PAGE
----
This mixed media work focuses on two figures depicted in two very different qualities. Created in a similar style to his ‘Larawan’ series which integrated imagery reminiscent of nostalgic photographs, this 1975 work evokes a sense of history by juxtaposing a desaturated palette with modernist techniques. On the top half we see the German composer Ludwig von Beethoven looking off past the frame to the right, superimposed over his eyes are thin lines reminiscent of a staff used to write musical notation. On the bottom, a woman’s silhouette stands in the nude, molded in the style of classical sculpture. Tying both together is the use of textile—the drapery of which BenCab had been exploring since the early 70s while living in London. Cid Reyes notes of his work with drapery during this period “the light that filters through the fabric becomes not only a visual but also a sensorial experience.” BenCab’s dexterity in the depiction of the behavior of textile has proven to be one of his most iconic themes. His skill in both academic and modernist art—and the amalgamation of styles—has proven to be and continues to be National Artist’s greatest stylistic strength. (Ref:http://www.invaluable.com)
The figure is cast in brass, and brings Sabel to life with this depiction of a swathed lady in three dimensional form. While working with a rigid medium, the artist manipulates gravity in the gracefulness of her stance and the delicate molding of the kimono-like garment draping loosely from her body.(Ref:http://www.invaluable.com)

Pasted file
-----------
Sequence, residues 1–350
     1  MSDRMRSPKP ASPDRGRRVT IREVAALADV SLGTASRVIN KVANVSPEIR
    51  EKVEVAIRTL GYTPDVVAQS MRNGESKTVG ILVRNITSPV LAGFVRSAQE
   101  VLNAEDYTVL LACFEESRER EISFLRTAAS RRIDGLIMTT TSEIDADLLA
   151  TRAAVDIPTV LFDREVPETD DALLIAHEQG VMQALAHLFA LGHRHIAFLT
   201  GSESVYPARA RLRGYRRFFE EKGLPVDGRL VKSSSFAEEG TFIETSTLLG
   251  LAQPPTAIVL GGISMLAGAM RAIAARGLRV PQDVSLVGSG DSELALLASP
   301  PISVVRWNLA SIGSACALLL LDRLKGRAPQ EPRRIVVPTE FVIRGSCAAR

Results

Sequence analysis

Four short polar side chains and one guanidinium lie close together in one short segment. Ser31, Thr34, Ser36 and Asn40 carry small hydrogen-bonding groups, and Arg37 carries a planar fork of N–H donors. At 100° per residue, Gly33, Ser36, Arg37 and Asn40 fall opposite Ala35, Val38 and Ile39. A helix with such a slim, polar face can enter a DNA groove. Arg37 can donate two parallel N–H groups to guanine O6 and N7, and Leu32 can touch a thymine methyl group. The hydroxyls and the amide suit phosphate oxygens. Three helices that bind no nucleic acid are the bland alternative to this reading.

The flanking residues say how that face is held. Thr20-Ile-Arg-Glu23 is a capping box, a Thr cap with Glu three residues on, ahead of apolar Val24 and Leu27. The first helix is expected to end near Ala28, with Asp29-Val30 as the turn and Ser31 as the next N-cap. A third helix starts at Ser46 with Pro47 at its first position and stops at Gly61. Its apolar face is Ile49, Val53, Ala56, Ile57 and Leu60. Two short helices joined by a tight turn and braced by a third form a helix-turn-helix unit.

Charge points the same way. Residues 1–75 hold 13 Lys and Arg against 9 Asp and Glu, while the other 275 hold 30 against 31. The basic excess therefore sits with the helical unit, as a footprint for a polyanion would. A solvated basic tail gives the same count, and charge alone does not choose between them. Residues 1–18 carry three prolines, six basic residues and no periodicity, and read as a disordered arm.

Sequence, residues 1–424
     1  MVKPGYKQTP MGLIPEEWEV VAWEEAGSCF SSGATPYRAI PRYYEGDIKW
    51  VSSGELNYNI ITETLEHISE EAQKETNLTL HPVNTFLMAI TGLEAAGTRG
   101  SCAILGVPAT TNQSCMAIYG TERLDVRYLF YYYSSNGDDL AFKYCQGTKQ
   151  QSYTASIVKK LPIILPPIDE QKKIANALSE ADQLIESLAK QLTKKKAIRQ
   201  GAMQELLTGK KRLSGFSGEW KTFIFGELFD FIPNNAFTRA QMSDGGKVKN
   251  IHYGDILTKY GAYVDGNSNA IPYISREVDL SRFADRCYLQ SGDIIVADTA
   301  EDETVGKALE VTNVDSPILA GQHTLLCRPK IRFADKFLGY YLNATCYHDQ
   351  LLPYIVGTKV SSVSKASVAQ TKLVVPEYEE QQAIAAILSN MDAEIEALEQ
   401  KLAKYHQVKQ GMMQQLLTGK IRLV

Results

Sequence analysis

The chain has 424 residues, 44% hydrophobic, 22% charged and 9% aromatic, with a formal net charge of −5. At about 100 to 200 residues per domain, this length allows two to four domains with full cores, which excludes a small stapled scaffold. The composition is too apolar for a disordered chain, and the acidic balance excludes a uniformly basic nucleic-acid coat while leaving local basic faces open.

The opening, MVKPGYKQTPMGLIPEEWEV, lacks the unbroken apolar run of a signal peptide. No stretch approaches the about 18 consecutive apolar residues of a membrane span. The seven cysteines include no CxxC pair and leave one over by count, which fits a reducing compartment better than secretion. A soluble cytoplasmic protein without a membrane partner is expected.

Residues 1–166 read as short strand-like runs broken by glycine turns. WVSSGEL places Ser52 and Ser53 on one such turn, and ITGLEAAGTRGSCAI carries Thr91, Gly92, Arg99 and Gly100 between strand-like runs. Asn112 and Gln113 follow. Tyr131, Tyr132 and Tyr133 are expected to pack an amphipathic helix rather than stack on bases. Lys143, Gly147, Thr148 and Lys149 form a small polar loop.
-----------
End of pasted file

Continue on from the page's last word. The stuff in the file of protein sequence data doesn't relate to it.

When the 1990 Luzon earthquake struck, BenCab and the BAG (Baguio Arts Guild) helped out by instituting programs such as the ArtAid workshop for traumatized children, and a fund-raising art auction they titled "Artquake." Bencab was elected president of the guild the following year.
Later in the 1990s, BenCab's input was a critical element in the creation of Tam-awan Village, "a refuge for local artists who desire a nurturing environment in which to develop their talents, and a community for all those who wish to take part in the harmonious fusion of art, culture, environment, and history."
BenCab also exhibited considerably during the last decade of the Millennium, also reaping many accolades. Among the most prominent of the many awards received by BenCab during this period was the Gawad CCP Para sa Sining (Cultural Center of the Philippines Award for the Arts) in 1992.(Ref:"http://artodyssey1.blogspot.com/2013/09/benedicto-reyes-cabrera-bencab.html)
Read more about BenCab and his life @
Where to next in our art adventure? As I’m in Central Victoria at the moment, watching cycling races and sketching in between events, I think I will take a look at Wheel Art for a bit of a change.
Hero Image Photo taken by Pinoy Adventurista